THE E HAYES DASHWOOD OF

ASTON ROWANT HOUSE OXFORDSHIRE

FOUNDATION

 

The Foundation provides accommodation for disabled ex Service people and those who have served in the Merchant Navy.  It was founded on 20 November 1946 and because of its rather long official title it is more usually referred to as “the E Hayes Dashwood Foundation” or, more simply, “The Dashwood Foundation”.

 

Between 1896 and 1916 the founder, Edward Hayes Dashwood, built a considerable number of flats and houses in Balham on the site of a farm – known still today as the Hyde Farm Estate.  Although at that time the area had not yet become engulfed by London, the need for housing was already increasing dramatically.  Records show that the first Service people in residence on the estate were Boer War and First World War veterans who occupied as tenants of Mr Dashwood from 1916 onwards.

 

The D-Day Landings were undoubtedly among those actions which inspired Mr Dashwood to set up the Foundation and to endow it with the properties from two of the roads on his estate.  The two roads, Radbourne Road and Telferscot Road, comprised 176 leasehold self-contained units, consisting of one, two or three bedroomed purpose built flats on ground or first floors.  

 

All flats had their own small garden, accessed by a rear outside staircase in the case of the first floor flats.  Whilst the phrase “homes fit for heroes” might be considered too grandiose, the flats nevertheless make very good homes and have generally lent themselves well to the process of improvement to modern day standards.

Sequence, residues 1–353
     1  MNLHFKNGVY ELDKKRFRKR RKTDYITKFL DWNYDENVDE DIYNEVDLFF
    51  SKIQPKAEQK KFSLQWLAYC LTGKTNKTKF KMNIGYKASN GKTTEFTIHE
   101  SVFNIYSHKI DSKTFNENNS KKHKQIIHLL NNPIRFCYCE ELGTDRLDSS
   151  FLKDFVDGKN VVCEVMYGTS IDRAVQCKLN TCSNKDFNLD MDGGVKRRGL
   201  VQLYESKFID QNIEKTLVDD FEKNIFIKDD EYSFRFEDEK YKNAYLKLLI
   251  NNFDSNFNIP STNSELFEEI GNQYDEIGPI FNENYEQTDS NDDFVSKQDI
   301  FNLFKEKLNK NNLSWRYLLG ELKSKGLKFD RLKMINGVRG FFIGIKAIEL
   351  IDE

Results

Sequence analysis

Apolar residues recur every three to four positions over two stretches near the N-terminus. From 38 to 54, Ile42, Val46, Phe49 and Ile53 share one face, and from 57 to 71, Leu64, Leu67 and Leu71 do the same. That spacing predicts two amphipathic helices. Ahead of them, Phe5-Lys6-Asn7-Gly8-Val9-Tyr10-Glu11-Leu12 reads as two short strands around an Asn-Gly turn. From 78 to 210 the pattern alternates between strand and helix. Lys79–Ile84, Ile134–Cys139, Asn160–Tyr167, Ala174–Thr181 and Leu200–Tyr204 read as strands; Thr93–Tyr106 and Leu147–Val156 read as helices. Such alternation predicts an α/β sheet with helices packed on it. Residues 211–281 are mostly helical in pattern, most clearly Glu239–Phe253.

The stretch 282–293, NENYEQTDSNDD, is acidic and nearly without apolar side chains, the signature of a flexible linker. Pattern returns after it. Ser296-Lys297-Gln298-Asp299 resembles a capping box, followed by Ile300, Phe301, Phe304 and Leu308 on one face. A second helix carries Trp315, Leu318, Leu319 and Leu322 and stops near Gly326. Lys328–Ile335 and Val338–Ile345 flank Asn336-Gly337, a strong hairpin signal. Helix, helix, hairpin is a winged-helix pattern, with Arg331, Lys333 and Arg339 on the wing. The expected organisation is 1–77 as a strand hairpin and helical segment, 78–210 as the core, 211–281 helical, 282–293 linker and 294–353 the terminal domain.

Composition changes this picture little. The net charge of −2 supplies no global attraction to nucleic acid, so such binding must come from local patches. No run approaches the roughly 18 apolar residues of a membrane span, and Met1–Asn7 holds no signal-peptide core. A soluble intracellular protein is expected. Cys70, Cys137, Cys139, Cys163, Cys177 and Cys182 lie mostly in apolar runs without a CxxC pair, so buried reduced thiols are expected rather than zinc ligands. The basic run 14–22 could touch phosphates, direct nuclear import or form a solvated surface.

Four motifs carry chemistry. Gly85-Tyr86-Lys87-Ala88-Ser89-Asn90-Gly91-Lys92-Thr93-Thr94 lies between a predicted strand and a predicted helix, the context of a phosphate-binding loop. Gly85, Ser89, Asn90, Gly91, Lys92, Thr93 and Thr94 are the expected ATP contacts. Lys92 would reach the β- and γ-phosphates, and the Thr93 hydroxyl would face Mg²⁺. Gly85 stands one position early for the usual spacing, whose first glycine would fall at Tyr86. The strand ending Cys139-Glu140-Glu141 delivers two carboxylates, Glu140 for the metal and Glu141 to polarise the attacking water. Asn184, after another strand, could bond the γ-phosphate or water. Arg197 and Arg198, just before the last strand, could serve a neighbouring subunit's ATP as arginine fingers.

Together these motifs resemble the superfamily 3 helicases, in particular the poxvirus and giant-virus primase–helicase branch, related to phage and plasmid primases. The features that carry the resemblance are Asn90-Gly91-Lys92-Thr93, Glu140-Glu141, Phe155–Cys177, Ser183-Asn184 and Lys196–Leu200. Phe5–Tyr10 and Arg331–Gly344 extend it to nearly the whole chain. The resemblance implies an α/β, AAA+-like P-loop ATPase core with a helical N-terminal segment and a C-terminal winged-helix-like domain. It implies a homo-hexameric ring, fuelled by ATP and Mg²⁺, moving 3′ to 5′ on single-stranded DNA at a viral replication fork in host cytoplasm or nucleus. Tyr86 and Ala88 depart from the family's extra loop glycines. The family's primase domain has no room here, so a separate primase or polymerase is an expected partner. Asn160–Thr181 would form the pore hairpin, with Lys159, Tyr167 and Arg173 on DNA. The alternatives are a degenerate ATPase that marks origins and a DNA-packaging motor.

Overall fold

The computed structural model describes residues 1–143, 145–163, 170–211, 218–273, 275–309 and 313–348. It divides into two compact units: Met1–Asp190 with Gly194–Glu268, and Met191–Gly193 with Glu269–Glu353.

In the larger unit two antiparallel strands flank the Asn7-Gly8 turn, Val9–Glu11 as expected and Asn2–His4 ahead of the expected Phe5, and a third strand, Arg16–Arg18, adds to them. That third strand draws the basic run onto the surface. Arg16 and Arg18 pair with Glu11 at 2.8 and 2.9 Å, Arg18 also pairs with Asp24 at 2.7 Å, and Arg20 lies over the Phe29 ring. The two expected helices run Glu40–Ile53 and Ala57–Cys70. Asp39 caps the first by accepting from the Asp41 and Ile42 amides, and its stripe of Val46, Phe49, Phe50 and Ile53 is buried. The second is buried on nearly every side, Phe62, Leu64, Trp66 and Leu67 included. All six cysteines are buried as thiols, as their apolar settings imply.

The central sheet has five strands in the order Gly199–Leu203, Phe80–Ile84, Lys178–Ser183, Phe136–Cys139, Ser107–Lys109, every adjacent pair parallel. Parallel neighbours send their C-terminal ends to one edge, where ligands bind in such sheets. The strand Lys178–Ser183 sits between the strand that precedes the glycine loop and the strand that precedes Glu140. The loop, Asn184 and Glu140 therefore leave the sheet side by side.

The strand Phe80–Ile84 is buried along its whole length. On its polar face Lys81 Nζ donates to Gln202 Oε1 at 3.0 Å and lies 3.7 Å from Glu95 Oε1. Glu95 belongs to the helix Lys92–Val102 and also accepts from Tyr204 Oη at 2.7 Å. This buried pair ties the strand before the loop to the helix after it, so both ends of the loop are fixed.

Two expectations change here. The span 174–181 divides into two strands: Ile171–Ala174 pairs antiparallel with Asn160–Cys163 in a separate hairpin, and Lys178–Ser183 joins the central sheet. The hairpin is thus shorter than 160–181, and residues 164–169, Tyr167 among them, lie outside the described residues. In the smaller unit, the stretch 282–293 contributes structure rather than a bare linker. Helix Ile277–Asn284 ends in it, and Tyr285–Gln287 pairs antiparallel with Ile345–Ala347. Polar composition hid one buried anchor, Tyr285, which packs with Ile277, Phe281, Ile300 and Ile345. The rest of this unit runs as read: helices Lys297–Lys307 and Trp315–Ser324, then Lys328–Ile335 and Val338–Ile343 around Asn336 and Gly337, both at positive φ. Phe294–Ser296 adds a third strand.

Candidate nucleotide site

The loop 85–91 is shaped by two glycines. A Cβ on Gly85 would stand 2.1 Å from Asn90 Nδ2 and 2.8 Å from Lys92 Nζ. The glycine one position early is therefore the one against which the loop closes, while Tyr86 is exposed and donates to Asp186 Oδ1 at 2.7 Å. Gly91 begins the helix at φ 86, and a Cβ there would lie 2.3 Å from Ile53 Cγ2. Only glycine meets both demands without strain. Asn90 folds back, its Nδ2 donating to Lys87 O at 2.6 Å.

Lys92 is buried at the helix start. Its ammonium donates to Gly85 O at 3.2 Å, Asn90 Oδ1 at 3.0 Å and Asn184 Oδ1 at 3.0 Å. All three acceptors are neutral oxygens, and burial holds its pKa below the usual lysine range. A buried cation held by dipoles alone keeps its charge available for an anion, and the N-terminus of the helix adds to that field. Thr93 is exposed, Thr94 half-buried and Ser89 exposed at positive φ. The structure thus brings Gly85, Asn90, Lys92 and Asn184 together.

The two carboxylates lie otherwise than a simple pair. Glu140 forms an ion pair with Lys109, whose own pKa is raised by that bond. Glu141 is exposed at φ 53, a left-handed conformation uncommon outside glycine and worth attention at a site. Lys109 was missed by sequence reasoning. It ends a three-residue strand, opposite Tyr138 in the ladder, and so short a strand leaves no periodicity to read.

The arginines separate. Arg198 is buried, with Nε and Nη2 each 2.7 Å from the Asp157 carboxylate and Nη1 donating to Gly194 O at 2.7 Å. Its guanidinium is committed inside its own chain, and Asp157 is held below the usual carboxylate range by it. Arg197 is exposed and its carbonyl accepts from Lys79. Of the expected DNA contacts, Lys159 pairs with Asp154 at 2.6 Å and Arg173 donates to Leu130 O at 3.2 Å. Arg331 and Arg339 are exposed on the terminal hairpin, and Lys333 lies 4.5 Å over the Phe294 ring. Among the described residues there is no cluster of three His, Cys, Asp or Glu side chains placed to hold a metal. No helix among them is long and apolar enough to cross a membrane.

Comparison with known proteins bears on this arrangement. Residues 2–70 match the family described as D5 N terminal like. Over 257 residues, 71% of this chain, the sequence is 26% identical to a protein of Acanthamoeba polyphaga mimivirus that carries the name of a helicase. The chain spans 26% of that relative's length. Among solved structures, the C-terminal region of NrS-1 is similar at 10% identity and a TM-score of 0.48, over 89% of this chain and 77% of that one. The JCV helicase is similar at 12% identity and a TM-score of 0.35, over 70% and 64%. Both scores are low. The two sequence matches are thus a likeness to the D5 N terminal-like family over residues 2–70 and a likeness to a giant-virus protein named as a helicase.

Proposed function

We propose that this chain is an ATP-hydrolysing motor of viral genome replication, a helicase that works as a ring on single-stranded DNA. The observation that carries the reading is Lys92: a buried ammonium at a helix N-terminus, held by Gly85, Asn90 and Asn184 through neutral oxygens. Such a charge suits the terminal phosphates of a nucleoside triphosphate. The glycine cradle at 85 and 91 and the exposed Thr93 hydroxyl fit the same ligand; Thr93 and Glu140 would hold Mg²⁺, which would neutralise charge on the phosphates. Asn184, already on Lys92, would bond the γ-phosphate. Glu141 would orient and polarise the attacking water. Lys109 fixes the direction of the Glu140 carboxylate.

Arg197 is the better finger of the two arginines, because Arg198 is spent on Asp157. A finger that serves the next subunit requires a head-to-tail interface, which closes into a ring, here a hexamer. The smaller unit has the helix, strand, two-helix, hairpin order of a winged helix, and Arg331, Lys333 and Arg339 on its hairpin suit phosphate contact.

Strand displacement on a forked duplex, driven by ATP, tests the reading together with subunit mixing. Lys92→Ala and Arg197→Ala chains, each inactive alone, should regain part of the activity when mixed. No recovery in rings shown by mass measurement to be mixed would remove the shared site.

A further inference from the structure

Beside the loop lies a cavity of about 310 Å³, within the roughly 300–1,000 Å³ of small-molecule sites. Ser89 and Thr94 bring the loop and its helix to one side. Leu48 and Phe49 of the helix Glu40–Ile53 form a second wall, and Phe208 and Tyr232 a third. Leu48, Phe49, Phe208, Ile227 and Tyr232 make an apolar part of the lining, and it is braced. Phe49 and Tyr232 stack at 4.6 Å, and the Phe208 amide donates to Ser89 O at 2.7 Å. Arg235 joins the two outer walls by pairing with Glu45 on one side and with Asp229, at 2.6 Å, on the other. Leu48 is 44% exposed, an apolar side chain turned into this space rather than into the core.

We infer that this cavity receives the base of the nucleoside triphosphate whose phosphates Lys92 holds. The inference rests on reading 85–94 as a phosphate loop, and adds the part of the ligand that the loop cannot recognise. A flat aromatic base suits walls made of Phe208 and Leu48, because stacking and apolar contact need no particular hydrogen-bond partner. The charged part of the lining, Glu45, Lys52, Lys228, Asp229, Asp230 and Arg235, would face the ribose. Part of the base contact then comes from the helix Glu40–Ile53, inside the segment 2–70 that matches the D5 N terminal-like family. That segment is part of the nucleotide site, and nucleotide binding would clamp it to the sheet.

The beneficiaries of the Foundation’s charity were stated, in the legal format of the time, to be “for wholly or partially infirm suffering stricken wounded or otherwise disabled men who have served as officers or non-commissioned officers or in any other rank in the Royal Navy or His Majesty’s Army, the Royal Air Force or the Mercantile Marine whether their disablement arises directly or indirectly from wounds accidents disease or otherwise”.

 

Although it was not mentioned in the original deed, the Founder was a keen advocate of independent living.  He referred to those qualified as his Guests and they are still referred to by that name today.

 

Amongst the Governors in the early years were some who had become household names in the preceding conflict; the most well known of these was Douglas Bader.   There has always been a strong representation on the Board of Governors from each of the four Services and there is a debt of gratitude to those of them who, some 35 years ago, secured long term protection for the Foundation by the purchase of the freehold of all the endowed properties.  

 

Since that milestone the number of Guests which the Foundation accommodates has risen steadily from less than 40 to its current level of around 100.  The average age of Guests has increased over time with Guest applications coming almost exclusively from those who had served in the Second World War.  In recent years, though, there have been younger applicants from those who have served their country subsequently and the age range is widening.